The proceedings in Free Fire flow smoothly because director Ben Wheatley had handled this kind of concept before. Before he made the action comedy, he had directed the dystopian thriller High Rise, which is also set in a single building. The film is basically a 90-minute shootout and events never spill out of the warehouse. As for the jokes, they aren’t all clever, but they always land.

10 Die Hard (1988)

Detective John McClaine taunts the terrorist Hans Gruber in Die Hard 20th Century Fox

Die Hard’s legacy is unlikely to ever die off because the movie has one of the greatest-ever action villains and some of the most euphoric quotes. Years have passed, but there hasn’t been a cooler phrase than Detective John McClaine’s “Yippee Ki Yay!” It’s obvious how much fun the NYPD lawman is having as he takes on the German terrorist Hans Gruber and his men at the Nakatomi Plaza.
Gruber, on the other hand, impresses with his ambition, poise, and voice. He vows not to walk away from the building unless he has the bearer bonds worth $640 million. And even as McClaine picks out his men, he never seems too bothered. He is a person used to getting his way, so he remains confident. Unfortunately for him, this turns out not to be his night.

9 The Nest (2002)

A standoff in the French action thriller, The Nest (2002) MUBI

In The Nest, two different criminal factions with different agendas find themselves in the same warehouse where a battle begins. At the center of the proceedings is the special agent Laborie, who quickly finds a place to hide after preventing the rescue attempt of an Albanian mafia boss. He settles for the warehouse, which just so happens to have thieves who are in the process of stealing. Within no time, the Albanian mob goons show up.
Like Free Fire, The Nest ends up being one lengthy shootout because of a lack of understanding. Since everyone is keen on putting their interests first, the violence never stops. There is a logical reason for the lack of outside interference too, since the events happen to be taking place on Bastille Day, when everyone in France is busy minding their business and having a good time.

8 Game of Death (1978)

Bruce Lee in a fight scene from Game of Death Fortune Star Media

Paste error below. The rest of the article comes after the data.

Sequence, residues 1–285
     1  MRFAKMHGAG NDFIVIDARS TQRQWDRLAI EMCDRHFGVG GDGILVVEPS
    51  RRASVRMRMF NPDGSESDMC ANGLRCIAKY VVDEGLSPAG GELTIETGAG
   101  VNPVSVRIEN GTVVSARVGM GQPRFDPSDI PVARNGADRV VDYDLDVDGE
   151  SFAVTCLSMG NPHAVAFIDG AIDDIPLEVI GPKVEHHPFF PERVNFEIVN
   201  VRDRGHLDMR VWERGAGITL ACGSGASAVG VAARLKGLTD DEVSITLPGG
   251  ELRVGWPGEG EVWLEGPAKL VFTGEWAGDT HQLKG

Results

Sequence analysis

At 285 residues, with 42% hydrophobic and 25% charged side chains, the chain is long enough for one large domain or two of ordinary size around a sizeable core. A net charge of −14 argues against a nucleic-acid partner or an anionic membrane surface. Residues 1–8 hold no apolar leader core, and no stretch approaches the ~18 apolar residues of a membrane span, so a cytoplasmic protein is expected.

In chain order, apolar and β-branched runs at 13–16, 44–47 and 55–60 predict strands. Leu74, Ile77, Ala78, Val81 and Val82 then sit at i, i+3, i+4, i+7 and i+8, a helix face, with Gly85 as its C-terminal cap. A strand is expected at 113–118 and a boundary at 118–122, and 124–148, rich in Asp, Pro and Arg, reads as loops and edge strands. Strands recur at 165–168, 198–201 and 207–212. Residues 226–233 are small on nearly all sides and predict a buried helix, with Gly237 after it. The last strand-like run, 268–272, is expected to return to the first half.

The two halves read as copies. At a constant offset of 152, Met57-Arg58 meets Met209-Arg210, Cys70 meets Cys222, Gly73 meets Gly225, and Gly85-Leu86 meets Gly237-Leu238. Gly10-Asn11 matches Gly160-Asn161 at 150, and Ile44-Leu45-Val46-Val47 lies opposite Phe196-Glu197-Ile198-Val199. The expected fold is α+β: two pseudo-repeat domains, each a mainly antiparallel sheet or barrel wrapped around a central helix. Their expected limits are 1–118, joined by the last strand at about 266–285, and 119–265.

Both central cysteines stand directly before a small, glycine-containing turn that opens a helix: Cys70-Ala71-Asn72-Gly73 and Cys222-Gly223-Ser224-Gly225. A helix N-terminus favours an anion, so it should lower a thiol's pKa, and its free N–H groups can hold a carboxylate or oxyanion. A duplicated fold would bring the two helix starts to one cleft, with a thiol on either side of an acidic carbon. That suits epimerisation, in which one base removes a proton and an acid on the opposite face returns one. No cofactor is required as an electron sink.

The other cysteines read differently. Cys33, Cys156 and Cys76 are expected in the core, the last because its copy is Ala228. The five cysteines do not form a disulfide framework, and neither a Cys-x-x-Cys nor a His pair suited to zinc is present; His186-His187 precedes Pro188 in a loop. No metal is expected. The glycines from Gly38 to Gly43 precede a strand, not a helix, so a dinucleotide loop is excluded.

Bruce Lee died during the making of Game of Death but 100 minutes had already been shot by then so completing it was an easy task. It’s quite a controversial film too, since it included actual footage from Lee’s funeral, something many felt was unethical. Even so, it’s an amazing film that has some of the most essential Bruce Lee scenes.
In Game of Death, retired martial arts champion, Hai Ten (Bruce Lee), is forced by a Korean gang to retrieve a special item that is located on the top floor of a pagoda. Each floor is guarded by skilled martial artists, so Ten carefully fights his way to the top. Like a video game, the higher he goes, the tougher the opponents become.

7 Dredd (2012)

Karl Urban in Dredd Lionsgate

Karl Urban is now better known for his role as Billy Butcher in The Boys, but he was equally impressive in Dredd. The comic adaptation is set in the year 2080 when judges are allowed to arrest, prosecute, sentence, and execute. Judge Dredd (Urban) thus heads to a 200-storey tower where the drug lord Ma-Ma conducts her operations. His aim is only to arrest one person and leave but when the goons lock him inside, the fighting starts.
Apart from the action, the movie examines themes like corruption and poverty in a satisfactory manner. Many people are only working for Ma-Ma out of desperation since this is a society where cash is hard to find. A couple of judges happen to be in her pocket too, complicating things for Dredd.

6 Sudden Death (1995)

Jean Claude Van Damme attacks a mascot in Sudden Death Universal Pictures

In Sudden Death, a group of terrorists stages an attack during an NHL ice hockey finals game and holds several people hostage, including the Vice President. They demand a ransom and because his own son happens to be in the building, fire marshal Darren McCord (Jean Claude Van Damme) decides to step up and save the day.
There are a few similarities with Die Hard here, but Sudden Death charts its own path by introducing the element of the mole. A few individuals who initially seemed like good people are later revealed to be working with the terrorists. There is also a greater level of panic because of the high population in the arena, hence the stakes appear higher than those of similar movies.

5 White House Down (2013)

Jamie Foxx and Channing Tatum in White House Down Sony Pictures Releasing

White House Down has a memorable White House lawn chase near the end, but the majority of the proceedings take place inside the building, with the President emerging as one of the two heroes. There are a few comedic scenes to complete the action and this comes as no surprise because POTUS is played by Jamie Foxx.